While the dispersed seating for parades is excellent, and worth taking advantage of, other problems are prevalent along the parade route. Obviously, managing the 50,000 plus guests moving through the park, especially during a parade is a challenge. Unfortunately, common sense is left behind when things get busy.

We have had repeated experiences where we got trapped near the castle during a parade. Cast members had moved benches across sidewalks to direct traffic flow, but also preventing wheelchairs from using the curb cuts. Other ways out of the area were blocked with ropes and staffed with a cast member who would not permit you to pass (again trying to funnel guests in specific directions). The only alternative was a trek half way across the park to set around the blockades. (And no, that is NOT an exaggeration). Pointing out the very obvious difficulties they had created in their setup, managers shrug or say that they just do what they are told. No one will ever take initiative to solve the problem, except to yell at us if one of our group moves a bench or rope enough for me to get by.

The most recent example of absolute disregard for disabled guests in the pursuit of profits deals with the outside food carts. Each disabled seating section along the parade route is clearly roped off and marked with distinctive signs, making them recognizable. They are monitored by a cast member who ensures that the space is left open for disabled guests. Well, at least most of the space.

The worst example is occurring regularly at the seating area near the Baby Care center, though I have seen the same thing along Small World Way. The outdoor food and trinket vendors decide to set up one or two carts within the roped off disabled seating section. Mind you, these sections are roped on three and sometimes all four sides. There is no simple access to them short of dropping a rope or climbing over people. (Another responsibility of the section attendant - to drop the rope as needed.) It has always bothered me that they do this, but it was only a few weeks ago that I realized why. In order to get to the food or trinkets that these carts were selling, they had to climb over the disabled guests sitting there for the parade. I came to this realization as two twelve year old girls decided my wheelchair made a great jungle gym on their way to the food cart. The point was driven home when one dropped some food in my lap on the way back. When I asked the cart guy why he was parked there, he said he didn't want to deal with the crowds, and it was quieter and easier to manage the line if he put his cart where it was.

Baby Care Center

While my wife and I do not yet have children of out own, we are looking in that direction for the future. We were talking with some very close friends about their new son (Hi TFAO!), and discussing some of the challenges you face when one parent has a disability. Now, I have been caring for kids and babies all my life, so changing a diaper is nothing new to me. We did wonder though, how a disabled parent visiting Disneyland takes care of an infant.

The question came to a head on one of our visits, as I was babysitting Matthew while his parents were running some errands through the park. Discovering that he needed a dry diaper, I took Matthew off to the Baby Care Center to change him. I figured this would be a great opportunity to update this guide with relevant information, and to get a little practice before I actually have to do it for my own kids.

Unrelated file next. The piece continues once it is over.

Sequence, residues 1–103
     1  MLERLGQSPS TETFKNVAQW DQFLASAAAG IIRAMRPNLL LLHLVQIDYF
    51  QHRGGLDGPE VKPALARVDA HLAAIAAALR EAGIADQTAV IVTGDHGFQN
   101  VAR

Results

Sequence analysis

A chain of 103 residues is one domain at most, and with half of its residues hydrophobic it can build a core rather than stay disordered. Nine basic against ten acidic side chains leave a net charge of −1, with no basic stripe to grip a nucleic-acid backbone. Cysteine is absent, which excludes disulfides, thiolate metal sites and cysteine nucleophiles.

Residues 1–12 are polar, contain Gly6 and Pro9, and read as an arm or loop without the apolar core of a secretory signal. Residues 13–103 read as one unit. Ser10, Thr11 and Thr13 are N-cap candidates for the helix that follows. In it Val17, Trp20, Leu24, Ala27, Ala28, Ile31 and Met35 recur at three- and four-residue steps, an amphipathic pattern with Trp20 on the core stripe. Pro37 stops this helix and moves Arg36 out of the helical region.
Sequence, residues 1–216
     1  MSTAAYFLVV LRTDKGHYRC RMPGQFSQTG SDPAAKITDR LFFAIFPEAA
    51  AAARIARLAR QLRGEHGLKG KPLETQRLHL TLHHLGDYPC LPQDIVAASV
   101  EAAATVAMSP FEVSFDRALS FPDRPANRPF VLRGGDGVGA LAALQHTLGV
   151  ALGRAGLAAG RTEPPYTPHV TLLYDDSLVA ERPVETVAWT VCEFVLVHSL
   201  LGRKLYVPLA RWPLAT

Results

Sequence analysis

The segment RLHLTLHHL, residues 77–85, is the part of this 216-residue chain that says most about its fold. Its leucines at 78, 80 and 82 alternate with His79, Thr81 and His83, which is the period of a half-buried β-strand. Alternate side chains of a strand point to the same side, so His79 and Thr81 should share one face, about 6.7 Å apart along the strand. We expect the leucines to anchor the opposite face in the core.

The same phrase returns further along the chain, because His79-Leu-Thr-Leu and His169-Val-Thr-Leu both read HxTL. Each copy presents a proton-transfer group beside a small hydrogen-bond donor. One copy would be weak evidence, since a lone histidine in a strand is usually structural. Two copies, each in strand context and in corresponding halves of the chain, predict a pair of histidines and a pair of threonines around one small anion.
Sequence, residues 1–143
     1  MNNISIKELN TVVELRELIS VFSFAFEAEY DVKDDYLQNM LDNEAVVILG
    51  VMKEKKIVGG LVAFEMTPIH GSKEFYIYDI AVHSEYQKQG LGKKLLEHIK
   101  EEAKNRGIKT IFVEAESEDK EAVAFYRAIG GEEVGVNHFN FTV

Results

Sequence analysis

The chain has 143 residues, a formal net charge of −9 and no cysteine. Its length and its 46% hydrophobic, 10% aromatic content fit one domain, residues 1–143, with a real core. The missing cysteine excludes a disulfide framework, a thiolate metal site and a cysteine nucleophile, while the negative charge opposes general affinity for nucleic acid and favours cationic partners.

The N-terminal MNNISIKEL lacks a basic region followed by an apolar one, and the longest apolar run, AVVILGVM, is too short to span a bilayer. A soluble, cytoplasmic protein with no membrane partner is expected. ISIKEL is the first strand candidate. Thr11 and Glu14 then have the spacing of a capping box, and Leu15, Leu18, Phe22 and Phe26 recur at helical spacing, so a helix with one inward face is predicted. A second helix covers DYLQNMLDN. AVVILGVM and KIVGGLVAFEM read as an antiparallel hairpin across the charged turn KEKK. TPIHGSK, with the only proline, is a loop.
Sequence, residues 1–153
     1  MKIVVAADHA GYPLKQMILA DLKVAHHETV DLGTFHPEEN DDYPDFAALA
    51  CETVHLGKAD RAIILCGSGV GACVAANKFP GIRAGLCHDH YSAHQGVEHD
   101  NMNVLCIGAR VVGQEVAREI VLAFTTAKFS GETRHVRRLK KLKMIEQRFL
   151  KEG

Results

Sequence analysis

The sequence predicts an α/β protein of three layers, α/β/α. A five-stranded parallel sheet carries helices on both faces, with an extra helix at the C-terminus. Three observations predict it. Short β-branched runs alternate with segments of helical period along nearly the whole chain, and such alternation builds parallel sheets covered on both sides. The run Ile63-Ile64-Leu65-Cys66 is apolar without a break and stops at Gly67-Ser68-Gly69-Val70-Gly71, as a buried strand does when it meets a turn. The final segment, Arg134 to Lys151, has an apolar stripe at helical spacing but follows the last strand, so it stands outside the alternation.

When I arrived at the Baby Care Center on Main Street, I was very rudely turned away, and told that wheelchairs were not permitted in the Baby Care Center because "they don't fit." Now, I can understand strollers. They take up a lot of space that isn't necessary to use to change a child. But wheelchairs are quite another story. When asked what I was supposed to do, the attendant told me to take Matthew to the First Aid office, and I could use an exam table there to change him. Let's see: Use a table that is at my eye level. With no strap. To change a squirming 8 month old. All while sitting in my chair. As the saying goes, "Not gonna happen!" I ended up using a bed in the rest area of First Aid to change him.

A few days later, my wife stopped by the Baby Care Center to discuss the issue with them, pointing out the liability issues alone. The manager of the Baby Care Center assured us that she would correct the issue and inform her staff that wheelchairs were indeed permitted in the center. As we were speaking with her, a mother brought her disabled daughter of about 10 in to the center (in her wheelchair that was as wide as mine) to change her, and was admitted with no problem.

A few weeks later, we were once again back at the park, and Matthew needed a new diaper. So, off I went again, only to encounter the exact some problem (different cast member this time). The attendant insisted that I go to First Aid. When I pushed the point about a lack of proper table facilities, etc., she said that everything I needed was available at First Aid. I ended the discussion by basically rolling through the door, around her, and back to the changing area. I was not going to sit there and take the grief any longer. The attendant grudgingly admitted me to the changing area, where I discovered a table that is perfect for disabled parents. It is the right height, with a safety rail and strap. It is a bit tight for space to get through the door (they have a table that partially blocks the route), but no smaller an area that we are used to dealing with on a daily basis. Once in the changing room, there was plenty of room to maneuver, and I did not block access to anyone else (there was steady stream of parents in and out as I was there). Another attendant was extremely helpful, retrieving the diaper bag off the back of my chair, while I got Matthew strapped down.

There is no reason to prevent disabled guests from using the Baby Care Center. Sadly, the problems we have encountered here are still occurring on a daily basis. Ignorance of the facts and issues at hand serve only to make visits to the "Happiest Place on Earth" anything but happy.